Prevent WebLogic Install with prcs and app-only DPK Deployments

In this post, I introduced the site.pp file and how that relates to the DPK. I used the example of deploying a process scheduler with the DPK by using the bootstrap command psft-dkp-setup -env_type -domain_type prcs. This command will populate the site.pp file with the role ::pt_role::pt_tools_prcs.

For the most part, this works well. The DPK/Puppet will install Tuxedo, Java, Oracle Client, WebLogic and create your process scheduler domain. But there is one problem – we don’t need (or want) WebLogic on our process scheduler! Why does the DPK do this? The base profile that applies to all DPK server builds includes WebLogic and doesn’t check to see what type of install is happening.

Finding the WebLogic Deployment Manifest

Open the file for the role pt_tools_prcs. The file is under c:\programdata\puppetlabs\puppet\etc\modules\pt_role\manifests\ and named pt_tools_prcs.pp. This Puppet manifest lists the profiles that will be applied when creating a process scheduer.

Class['::pt_profile::pt_system'] ->
Class['::pt_profile::pt_tools_deployment'] ->
Class['::pt_profile::pt_psft_environment'] ->
Class['::pt_profile::pt_prcs'] ->
Class['::pt_profile::pt_tools_preboot_config'] ->
Class['::pt_profile::pt_domain_boot']

Each of these classes tied back to file under modules\pt_profile. The class that handles WebLogic and Tuxedo deployment is pt_tools_deployment. The pt_tools_deployment.pp manifest takes the configuration values from deployment.yaml (or psft_customizations.yaml if you overrode the defaults) and prepares the class pt_setup:tools_deployment.

In the file tools_deployment.pp under pt_setup\manifests\, you’ll see the base deployment configuration for any DPK installation. This file will install the software for a DPK run. Even if you aren’t familiar with Puppet (this file is a Puppet manfiest), you can read the file and get an idea of what’s happening.

The important section is roughly half way down and looks like this:

  pt_deploy_weblogic { $weblogic_tag:
    ensure                    => $present,
    deploy_user               => $tools_install_user,
    deploy_user_group         => $tools_install_group,
    archive_file              => $weblogic_archive_file,
    deploy_location           => $weblogic_location,
    oracle_inventory_location => $inventory_location,
    oracle_inventory_user     => $oracle_install_user,
    oracle_inventory_group    => $oracle_install_group,
    jdk_location              => $jdk_location,
    redeploy                  => $redeploy,
    remove                    => $weblogic_remove,
  }

Modifying the Manifest

In Puppet, the ensure variable will takes two options:

  • present – think of this as “install” (that isn’t technically accurate, but at a high level that’s what it means for the DPK)
  • absent – this value would uninstall WebLogic

In this manifest, there aren’t checks for each software package. Everything is installed, or everything is uninstalled. The simple fix is to update the ensure value to absent for WebLogic.

  pt_deploy_weblogic { $weblogic_tag:
    ensure                    => absent,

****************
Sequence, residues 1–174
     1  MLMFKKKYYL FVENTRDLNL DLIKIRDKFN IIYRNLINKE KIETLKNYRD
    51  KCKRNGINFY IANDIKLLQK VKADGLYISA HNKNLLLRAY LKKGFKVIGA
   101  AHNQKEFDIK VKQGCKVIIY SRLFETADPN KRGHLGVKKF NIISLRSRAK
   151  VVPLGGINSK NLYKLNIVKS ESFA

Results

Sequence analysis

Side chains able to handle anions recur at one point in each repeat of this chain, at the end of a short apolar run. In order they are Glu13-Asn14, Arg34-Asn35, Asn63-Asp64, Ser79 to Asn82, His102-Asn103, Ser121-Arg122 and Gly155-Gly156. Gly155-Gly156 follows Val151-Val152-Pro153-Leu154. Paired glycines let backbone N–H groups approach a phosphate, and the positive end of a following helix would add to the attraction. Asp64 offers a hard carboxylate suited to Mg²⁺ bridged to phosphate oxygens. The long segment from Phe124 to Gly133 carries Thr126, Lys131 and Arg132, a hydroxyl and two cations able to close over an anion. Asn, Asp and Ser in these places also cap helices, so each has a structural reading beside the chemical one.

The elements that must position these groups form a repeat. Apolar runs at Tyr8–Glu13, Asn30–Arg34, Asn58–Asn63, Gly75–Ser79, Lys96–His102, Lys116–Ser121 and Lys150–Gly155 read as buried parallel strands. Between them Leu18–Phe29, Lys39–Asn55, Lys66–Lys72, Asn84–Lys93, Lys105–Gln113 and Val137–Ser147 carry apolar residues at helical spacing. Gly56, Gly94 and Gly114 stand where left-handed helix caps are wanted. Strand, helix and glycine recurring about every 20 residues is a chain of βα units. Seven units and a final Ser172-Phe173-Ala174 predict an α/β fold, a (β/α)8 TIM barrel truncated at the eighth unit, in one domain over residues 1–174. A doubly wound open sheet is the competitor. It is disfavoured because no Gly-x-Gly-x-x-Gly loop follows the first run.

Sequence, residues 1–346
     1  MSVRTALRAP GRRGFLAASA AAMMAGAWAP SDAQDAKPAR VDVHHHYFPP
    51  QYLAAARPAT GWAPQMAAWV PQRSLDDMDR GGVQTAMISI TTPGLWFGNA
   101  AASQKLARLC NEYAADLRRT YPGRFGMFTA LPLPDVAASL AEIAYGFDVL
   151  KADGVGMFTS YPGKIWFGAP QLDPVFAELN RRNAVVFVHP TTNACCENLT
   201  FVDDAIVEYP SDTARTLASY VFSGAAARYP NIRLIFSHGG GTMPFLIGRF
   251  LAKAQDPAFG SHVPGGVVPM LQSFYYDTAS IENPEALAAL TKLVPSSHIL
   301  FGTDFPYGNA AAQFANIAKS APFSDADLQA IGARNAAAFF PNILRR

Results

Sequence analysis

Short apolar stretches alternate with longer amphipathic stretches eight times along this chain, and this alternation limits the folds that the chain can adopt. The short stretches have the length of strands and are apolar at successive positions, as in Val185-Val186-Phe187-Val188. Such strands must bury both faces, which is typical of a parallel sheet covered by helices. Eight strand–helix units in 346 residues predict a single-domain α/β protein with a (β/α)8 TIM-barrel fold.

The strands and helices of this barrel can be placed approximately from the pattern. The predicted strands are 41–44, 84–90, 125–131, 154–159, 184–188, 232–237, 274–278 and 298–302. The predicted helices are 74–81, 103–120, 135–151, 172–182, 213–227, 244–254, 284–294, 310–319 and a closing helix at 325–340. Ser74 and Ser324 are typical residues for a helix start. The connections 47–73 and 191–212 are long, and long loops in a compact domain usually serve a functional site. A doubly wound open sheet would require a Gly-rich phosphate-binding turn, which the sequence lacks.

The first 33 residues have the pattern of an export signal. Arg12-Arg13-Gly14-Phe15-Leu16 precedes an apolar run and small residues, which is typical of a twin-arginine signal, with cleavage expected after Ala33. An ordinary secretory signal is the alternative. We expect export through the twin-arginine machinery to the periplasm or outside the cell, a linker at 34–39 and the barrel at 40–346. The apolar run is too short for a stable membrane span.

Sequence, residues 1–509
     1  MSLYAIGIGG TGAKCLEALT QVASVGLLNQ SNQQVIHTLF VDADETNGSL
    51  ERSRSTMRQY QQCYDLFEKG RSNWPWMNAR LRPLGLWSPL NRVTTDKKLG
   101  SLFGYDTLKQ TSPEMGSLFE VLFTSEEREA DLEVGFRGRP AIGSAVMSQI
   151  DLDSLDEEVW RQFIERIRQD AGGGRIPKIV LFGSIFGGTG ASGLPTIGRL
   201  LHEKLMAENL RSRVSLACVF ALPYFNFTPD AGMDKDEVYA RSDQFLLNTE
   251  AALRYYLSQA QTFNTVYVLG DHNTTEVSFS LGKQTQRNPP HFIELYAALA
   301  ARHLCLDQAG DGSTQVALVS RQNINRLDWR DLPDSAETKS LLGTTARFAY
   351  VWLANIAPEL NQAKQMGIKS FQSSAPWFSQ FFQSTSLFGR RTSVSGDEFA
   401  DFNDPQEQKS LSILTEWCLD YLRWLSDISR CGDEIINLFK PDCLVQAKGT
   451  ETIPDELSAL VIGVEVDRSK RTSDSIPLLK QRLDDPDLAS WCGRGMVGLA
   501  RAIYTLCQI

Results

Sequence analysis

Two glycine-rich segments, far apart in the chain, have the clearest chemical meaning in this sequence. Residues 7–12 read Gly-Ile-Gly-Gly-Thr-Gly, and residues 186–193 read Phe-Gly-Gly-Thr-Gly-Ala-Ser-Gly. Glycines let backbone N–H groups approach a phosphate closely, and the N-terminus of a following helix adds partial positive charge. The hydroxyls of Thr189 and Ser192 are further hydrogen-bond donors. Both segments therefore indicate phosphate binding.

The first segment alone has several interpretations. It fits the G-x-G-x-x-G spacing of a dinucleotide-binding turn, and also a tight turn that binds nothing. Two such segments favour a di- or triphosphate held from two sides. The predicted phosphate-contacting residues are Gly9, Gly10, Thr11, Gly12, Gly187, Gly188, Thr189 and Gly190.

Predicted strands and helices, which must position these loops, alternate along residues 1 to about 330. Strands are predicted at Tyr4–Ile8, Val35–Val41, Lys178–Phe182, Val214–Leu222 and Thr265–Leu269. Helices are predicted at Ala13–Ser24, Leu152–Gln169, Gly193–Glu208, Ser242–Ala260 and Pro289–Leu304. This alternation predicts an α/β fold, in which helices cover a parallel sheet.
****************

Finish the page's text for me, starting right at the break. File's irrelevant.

deploy_user               => $tools_install_user,
    deploy_user_group         => $tools_install_group,
    archive_file              => $weblogic_archive_file,
    deploy_location           => $weblogic_location,
    oracle_inventory_location => $inventory_location,
    oracle_inventory_user     => $oracle_install_user,
    oracle_inventory_group    => $oracle_install_group,
    jdk_location              => $jdk_location,
    redeploy                  => $redeploy,
    remove                    => $weblogic_remove,
  }

After making this change, you can run puppet apply site.pp. If you are on working on a blank server, the DPK won’t install WebLogic. If WebLogic is installed, the DPK will uninstall WebLogic.

One big disclaimer, this is not supported by Oracle. So, make these changes knowing that Oracle won’t help you if you run into any issues. For my own experience, we made this change before deploying our process scheduler servers and it has worked well. But, that’s only my experience.

A better way to handle this fix would be to read in the domain_type setting from the defaults.yaml file.

Here is what that change would look like:

  if hiera('domain_type') == 'all' or hiera('domain_type') == 'pia' {
    $wl_ensure = 'present'
  } 
  else {
    $wl_ensure = 'absent'
  }
  pt_deploy_weblogic { $weblogic_tag:
    ensure                    => $wl_ensure,
    deploy_user               => $tools_install_user,
    deploy_user_group         => $tools_install_group,
    archive_file              => $weblogic_archive_file,
    deploy_location           => $weblogic_location,
    oracle_inventory_location => $inventory_location,
    oracle_inventory_user     => $oracle_install_user,
    oracle_inventory_group    => $oracle_install_group,
    jdk_location              => $jdk_location,
    redeploy                  => $redeploy,
    remove                    => $weblogic_remove,
  }

A quick lookup to the defaults.yaml file’s domain_type will tell us what type of installation was requested from the bootstrap script.

Closing Thoughts

This bug is annoying. But, one thing I really enjoy with the DPK (and Puppet), is that we have access to the code. That means we can research how the DPK is working and make changes are possible (if technically unsupported). But, we also have Puppet installed our servers and we can leverage it for our own modules. Coming up in future posts, I’ll be documenting some of the custom modules I’ve been writing to extend Puppet for our own use.

I have an SR open on this bug too, so if I get feedback I’ll update this post.

Explaining the site.pp File